La Milonga: Una Puerta de escape

 

Eight years after I start dancing, when as a tango dancer I finally make my first trip down to Buenos Aires, I already know some of the dance hall milongas by name. For several years now, in the post-class night cap across the street from our dance studio in Portland, Maine, the more experienced dancers often wax poetically and nostalgically on these famous places. Dance deities, reigning supreme in this abstract world of Buenos Aires’s milongas, each name evoking its own reserve of signs: a rich kid of Niño Bien, the kiss at El Beso, elegance at Salon Canning, and the clearest of all, Confitería Ideal: a sweet ideal, a symbol of a mythical place of tango and years past.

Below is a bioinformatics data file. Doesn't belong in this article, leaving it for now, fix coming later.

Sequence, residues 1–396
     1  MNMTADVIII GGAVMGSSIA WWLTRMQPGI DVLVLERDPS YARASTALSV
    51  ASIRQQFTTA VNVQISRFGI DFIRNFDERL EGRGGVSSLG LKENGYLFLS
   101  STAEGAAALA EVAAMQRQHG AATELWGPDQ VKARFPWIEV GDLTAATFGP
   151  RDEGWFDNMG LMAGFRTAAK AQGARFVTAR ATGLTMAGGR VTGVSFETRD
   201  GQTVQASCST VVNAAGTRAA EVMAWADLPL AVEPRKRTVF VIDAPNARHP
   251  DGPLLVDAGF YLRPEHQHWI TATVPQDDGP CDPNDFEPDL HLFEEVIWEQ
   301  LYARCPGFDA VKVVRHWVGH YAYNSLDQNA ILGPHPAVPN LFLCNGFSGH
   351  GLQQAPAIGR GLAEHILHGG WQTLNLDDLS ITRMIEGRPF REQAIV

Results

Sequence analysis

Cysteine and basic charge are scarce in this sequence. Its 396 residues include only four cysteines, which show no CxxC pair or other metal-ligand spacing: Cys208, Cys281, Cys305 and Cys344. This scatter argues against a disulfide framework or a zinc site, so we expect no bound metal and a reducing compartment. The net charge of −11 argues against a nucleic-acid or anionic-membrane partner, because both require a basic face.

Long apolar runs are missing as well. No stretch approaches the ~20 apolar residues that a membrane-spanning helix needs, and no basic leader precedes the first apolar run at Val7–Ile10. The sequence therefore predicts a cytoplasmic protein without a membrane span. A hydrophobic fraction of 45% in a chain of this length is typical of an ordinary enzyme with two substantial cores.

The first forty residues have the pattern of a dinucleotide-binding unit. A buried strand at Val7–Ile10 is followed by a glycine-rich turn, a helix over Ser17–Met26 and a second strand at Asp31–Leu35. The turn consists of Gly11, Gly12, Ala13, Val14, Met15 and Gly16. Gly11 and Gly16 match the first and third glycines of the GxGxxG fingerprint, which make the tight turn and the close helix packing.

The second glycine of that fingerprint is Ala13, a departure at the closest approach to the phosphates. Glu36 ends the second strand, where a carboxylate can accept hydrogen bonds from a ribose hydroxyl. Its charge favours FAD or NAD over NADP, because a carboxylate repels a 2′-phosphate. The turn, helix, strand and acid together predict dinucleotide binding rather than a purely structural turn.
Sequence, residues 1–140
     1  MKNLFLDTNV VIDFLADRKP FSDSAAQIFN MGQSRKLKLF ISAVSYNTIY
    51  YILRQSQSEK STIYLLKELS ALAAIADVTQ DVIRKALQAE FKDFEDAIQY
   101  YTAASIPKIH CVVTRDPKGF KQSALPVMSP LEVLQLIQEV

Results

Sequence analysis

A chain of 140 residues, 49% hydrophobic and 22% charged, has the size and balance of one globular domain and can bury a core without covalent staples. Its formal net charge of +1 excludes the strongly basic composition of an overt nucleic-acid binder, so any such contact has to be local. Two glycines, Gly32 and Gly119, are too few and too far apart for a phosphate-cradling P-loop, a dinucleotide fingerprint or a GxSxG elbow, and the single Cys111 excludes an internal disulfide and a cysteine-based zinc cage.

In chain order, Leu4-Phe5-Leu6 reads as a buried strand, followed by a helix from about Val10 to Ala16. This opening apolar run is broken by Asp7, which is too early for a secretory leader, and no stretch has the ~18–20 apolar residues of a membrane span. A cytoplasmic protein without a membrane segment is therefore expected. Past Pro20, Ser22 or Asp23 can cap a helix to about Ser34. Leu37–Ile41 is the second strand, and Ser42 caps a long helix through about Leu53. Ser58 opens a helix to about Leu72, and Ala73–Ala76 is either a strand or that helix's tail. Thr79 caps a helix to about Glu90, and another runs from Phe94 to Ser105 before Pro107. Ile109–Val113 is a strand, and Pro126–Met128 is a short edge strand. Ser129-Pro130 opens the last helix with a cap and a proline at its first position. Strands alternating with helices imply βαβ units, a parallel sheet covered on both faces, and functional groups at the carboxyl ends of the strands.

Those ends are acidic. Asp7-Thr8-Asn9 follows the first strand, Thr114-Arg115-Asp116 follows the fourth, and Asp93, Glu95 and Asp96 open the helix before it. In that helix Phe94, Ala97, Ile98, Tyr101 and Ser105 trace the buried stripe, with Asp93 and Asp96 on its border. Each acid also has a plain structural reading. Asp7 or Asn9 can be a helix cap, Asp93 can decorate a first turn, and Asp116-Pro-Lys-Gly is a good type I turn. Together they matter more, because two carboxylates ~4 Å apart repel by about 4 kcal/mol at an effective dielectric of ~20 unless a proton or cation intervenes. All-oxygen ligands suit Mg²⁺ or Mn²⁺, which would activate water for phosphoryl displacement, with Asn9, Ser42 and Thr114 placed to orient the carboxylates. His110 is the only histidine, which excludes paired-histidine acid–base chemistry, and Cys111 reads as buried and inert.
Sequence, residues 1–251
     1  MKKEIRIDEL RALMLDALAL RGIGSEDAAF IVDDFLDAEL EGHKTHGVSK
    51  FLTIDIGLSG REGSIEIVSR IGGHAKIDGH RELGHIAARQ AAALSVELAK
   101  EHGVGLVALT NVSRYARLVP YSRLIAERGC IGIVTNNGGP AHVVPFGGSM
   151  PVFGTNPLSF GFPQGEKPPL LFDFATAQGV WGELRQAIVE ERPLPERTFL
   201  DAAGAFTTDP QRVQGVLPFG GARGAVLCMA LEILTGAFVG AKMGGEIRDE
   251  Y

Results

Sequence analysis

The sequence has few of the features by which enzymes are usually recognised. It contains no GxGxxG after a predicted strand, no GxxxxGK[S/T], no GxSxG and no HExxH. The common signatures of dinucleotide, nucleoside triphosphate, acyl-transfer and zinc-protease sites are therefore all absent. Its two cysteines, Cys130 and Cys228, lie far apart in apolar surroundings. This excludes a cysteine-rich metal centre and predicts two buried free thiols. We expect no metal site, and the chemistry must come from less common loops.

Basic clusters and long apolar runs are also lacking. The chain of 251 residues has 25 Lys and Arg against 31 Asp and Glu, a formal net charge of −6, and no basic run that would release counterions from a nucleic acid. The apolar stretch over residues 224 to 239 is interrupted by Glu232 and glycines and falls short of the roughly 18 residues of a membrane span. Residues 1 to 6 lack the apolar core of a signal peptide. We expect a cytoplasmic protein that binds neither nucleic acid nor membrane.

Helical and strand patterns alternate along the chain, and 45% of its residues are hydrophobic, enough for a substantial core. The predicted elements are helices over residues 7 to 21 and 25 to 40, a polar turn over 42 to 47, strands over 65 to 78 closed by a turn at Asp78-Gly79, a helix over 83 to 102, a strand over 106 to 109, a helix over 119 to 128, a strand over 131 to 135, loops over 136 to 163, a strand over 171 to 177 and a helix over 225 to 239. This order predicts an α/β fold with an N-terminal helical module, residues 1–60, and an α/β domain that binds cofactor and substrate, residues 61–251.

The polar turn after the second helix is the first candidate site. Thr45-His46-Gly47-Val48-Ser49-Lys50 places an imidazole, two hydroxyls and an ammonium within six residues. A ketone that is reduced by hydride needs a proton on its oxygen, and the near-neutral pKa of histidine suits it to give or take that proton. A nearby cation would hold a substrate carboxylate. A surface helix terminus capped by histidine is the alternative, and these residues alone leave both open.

That ideal is my very first stop on my very first trip to Buenos Aires, after my very first morning cafe con leche y medialunas. So many firsts. Confitería Ideal is the sine qua non of Buenos Aires’s confiterias for traveling tangueras. Located near the Obelisko, on Suipacha, one of the narrow streets just off the massive Avenida 9 de Julio, Confitería Ideal embodies Buenos Aires’s old-world charm. Stepping into this Belle Epoque style confitería, with its downstairs bistro and its grand dance ballroom upstairs is like stepping into Buenos Aires’s past. My friend and I return a week later during this trip, on a smoke-filled night from burning fields set by farmers’ in protests. We are the last to dance and we will be the last to leave. It feels nice being here late night. In this ideal and now empty place, it is no longer an empty name. We have entered the ideal. We are in it, sitting at one of its tables, late night, like two old regulars. One of the real regulars makes his way across an empty ballroom to our table, swapping sets of tango dances, tandas, with each of us. By the end of the night, we join the organizer and make our way out. About to take the grand staircase back to the ground floor, the organizer stops us and points to his heart, then to the great big elevator with its steel cage. We quickly understand the mime: his age, the steps,  his aging heart, the elevator. We graciously step in, and the cage slams shut: a first for us. Also a first: since we are the last ones to leave the building, we step out into the night, though not through the entrance door. Our exit is through a smaller escape door built into the metal ridged store-front gate. A door that looks like any other door, except that this one is fit for Alice in Wonderland and all her dreams, stepping into a different parallel universe. A puerta de escape, as if we are escaping out of a lateral economy with its specific rules and codes.

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